I have never seen a paid biking rack ANYWHERE! But here in Tsukuba they exist. So if they’re here in Tsukuba they have to have them in other places around Japan.
There are so many bikes in Tsukuba that I guess the mall associates couldn’t resist earning a little income from them. They put up these racks near the end of my AEON job, and they put them everywhere. Every free parking area now has these paid rack systems. It makes more income for the mall, but it severely limits the number of bikes you can park in an area. Just 6 or 7 months ago, bike lots used to be jam-packed…especially on Saturdays. Now, because of the paid racks, there is far less bike crowding going on.
When MOG (the name of the shopping mall) decided to put up these racks, all of the staff members who rode bikes (all of the fluent English-teachers) were pretty annoyed. But everything wasn’t as bad as it seemed. What we found out was that these bike racks allowed free parking for up to three hours. After that the charges would start. These days If I’m running late need to dash for the train, the paid racks are the closest to the Tsukuba Express entrances. I pay 150 yen for between 8 and 9 hours of parking.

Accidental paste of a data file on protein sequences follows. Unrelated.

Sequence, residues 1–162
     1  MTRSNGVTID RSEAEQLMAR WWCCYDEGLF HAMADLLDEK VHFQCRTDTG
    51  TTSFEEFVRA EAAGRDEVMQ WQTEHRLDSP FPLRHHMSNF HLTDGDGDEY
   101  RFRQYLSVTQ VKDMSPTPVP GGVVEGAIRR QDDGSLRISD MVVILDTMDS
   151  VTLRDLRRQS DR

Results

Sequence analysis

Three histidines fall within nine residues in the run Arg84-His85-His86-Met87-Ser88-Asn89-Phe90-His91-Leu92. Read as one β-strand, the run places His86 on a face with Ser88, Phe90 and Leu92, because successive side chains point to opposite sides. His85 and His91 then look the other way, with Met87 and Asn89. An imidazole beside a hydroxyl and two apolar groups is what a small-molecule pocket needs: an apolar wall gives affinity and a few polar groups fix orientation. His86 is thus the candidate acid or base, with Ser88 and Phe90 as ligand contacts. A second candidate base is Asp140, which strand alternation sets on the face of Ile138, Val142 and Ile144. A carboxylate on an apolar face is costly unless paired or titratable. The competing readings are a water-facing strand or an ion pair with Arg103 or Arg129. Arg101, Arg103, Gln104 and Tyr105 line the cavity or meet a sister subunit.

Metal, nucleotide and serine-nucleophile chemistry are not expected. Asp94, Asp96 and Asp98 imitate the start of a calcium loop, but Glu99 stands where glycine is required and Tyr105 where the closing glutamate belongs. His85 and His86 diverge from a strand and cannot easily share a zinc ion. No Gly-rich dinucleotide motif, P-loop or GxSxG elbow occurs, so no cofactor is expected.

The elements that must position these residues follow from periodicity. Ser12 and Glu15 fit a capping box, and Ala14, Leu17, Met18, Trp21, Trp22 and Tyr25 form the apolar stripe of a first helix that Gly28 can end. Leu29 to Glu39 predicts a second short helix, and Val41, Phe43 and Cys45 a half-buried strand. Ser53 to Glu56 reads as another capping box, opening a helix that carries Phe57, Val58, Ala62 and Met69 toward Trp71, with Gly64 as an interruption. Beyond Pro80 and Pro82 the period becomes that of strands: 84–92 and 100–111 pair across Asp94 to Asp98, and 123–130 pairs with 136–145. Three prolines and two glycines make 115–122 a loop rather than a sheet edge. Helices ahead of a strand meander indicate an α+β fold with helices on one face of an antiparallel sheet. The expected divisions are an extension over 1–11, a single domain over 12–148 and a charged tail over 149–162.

The parking price is pretty reasonable, but free parking always beats paid parking in my opinion. That 150 yen everyday can start to add up over time, right? So the cool thing is that I have a special employee sticker that grants me access to the free lot just across the street from the mall. Mind you I don’t know if the stickers matter, because so many people park there without them, but maybe it’s good to have just in case. When I’m not running late, this I always try to use the free parking lot.
I don’t ever think we’ll see things like this in the US. One, because I don’t think enough people are riding bikes on a mass basis and two, p
people would just find somewhere else to park their bikes.
It sucks to have to pay for bike parking, but I have to admit, from a business standpoint, it’s a pretty cool idea.